Congress vice-president Rahul Gandhi filed his nomination papers for the post of Congress president in New Delhi on Monday, setting off the countdown to his unopposed elevation to the party’s top post.
Monday was the last date of filing nominations and the last date for withdrawal of names is December 11.
Mullapally Ramachandran, chairman of the Congress’ central election authority (CEA), told reporters that till Sunday no other nomination had been filed.
Mr Gandhi, 47, will take over the party’s mantle from his mother, Mrs Sonia Gandhi, who has been the longest serving Congress president.
Mr Gandhi’s elevation comes at a time when he is leading the Congress’ charge for Gujarat elections against the Bharatiya Janata Party (BJP) under Prime Minister Narendra Modi. Before filing his nomination papers, Mr Gandhi went to meet former President of India Pranab Mukherjee and former Prime Minister Dr Manmohan Singh.
Dr Singh, who accompanied Mr Gandhi to 24, Akbar Road, the party’s headquarters, said, “Rahulji has been the darling of the Congress. Our president Mrs Sonia Gandhi has served the Congress party and, through the Congress Party, the country for the last 19 years. This is yet another step forward in that direction. Rahul Gandhi will carry on the great traditions of the Congress party.”
Several senior leaders as well as young turks of the party had also accompanied Mr Gandhi for the filing of his nomination papers.
Mr Gandhi will be the sixth leader from the Nehru-Gandhi family to occupy the Congress Party’s top post. His appointment is being seen as a generational shift that holds hope for the Congress which has been reduced to 46 seats in the 542-member Lok Sabha.
Though Mr Gandhi’s political engagement and involvement in party work increased tremendously since the 2014 Lok Sabha elections, insiders indicate that there will be two key advisors who will be directly reporting to the new Congress president.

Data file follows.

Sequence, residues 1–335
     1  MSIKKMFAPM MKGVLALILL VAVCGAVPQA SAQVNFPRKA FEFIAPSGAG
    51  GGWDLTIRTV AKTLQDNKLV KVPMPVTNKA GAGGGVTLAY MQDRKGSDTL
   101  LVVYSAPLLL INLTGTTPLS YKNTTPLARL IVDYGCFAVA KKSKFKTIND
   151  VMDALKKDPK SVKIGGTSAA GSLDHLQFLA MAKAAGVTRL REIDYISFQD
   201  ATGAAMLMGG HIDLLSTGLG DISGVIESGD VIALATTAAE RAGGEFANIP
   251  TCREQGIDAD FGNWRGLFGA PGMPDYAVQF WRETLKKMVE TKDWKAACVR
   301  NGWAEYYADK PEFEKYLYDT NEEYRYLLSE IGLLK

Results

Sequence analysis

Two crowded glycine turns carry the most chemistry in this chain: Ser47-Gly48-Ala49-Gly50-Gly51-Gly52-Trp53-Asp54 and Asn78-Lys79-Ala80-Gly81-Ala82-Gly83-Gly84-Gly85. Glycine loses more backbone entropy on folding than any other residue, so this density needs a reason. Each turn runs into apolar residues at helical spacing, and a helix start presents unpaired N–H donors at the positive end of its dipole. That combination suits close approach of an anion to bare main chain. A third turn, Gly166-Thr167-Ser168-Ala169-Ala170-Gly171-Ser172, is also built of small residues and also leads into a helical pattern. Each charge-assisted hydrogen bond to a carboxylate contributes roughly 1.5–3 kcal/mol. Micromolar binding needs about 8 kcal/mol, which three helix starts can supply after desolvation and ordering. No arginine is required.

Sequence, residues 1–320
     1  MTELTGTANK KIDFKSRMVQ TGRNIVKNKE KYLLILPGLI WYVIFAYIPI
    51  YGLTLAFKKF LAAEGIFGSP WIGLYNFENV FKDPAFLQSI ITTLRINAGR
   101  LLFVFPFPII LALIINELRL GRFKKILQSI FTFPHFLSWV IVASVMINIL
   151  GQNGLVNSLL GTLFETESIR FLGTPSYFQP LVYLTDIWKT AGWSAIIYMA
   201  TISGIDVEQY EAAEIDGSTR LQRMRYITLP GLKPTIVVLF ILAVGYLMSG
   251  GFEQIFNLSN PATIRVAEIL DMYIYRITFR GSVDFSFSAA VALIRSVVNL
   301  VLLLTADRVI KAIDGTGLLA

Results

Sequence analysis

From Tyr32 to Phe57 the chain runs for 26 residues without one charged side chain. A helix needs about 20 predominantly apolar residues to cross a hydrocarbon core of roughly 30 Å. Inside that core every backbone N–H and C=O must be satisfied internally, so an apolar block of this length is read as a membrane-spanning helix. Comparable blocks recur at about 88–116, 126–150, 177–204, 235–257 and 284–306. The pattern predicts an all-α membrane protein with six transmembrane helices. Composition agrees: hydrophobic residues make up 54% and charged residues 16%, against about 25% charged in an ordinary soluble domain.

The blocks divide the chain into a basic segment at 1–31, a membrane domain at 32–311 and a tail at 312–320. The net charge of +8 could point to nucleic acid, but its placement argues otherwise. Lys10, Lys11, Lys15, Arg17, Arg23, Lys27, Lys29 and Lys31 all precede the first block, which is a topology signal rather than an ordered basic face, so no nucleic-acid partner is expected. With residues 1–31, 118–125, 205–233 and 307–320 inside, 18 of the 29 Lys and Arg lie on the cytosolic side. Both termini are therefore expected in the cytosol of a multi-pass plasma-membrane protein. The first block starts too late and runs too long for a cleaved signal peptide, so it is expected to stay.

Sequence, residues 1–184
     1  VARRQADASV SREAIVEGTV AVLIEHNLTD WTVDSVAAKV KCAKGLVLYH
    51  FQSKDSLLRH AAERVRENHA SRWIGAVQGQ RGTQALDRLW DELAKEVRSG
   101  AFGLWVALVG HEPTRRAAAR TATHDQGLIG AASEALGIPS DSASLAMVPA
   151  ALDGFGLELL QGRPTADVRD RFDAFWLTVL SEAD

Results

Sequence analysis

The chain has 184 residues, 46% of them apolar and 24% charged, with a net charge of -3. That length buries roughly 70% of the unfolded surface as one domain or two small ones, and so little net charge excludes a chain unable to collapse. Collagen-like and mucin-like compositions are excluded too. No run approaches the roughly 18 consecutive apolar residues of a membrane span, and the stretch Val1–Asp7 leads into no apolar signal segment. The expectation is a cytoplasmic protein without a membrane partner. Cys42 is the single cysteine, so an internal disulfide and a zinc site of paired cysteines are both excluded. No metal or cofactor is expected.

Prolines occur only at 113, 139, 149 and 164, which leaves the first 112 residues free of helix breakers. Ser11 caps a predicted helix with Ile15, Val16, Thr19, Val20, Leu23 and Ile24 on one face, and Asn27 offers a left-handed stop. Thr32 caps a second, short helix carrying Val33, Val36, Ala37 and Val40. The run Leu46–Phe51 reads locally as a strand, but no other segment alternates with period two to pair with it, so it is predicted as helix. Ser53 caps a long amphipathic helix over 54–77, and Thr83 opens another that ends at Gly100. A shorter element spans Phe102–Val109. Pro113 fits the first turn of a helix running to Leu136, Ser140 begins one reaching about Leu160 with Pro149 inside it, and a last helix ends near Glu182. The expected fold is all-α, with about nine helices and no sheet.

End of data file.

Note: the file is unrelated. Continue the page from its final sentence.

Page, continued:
On several occasions Mr Gandhi has indicated that there will be a judicious mix of young and experienced leaders in the party and nobody will be left out.
Mr Gandhi, who began his political career by winning the 2004 Lok Sabha election from the family bastion of Amethi, has already seen several ups and downs.
In 2006, Mr Gandhi became the general secretary of the party in-charge of frontal organisations, including the Indian Youth Congress, and was criticised for introducing internal elections as it encouraged blatant use of money power to bag tickets. The practice has since been discontinued.
Mr Gandhi also wanted to introduce primaries, like in the Unites States of America, for contesting Lok Sabha elections, a move that was heavily contested by party leaders.
In 2013, after much demand from within the party, he was elevated as Congress vice-president. But close to the end of UPA-II’s tenure, Mr Gandhi upset his own party leaders when he threatened to tear up an ordinance that allowed convicted leaders to contest elections till the final appeal had been disposed. He studiously refused any Cabinet position under both the terms of the Manmohan Singh-led UPA government.
In his parliamentary career, Mr Gandhi has backed the Forests Rights Act, Food security Act, Land Acquisition Act and the Mahatma Gandhi National Rural Employment Guarantee Act. Mr Gandhi has led the Congress thrice into Uttar Pradesh Assembly elections and has lost.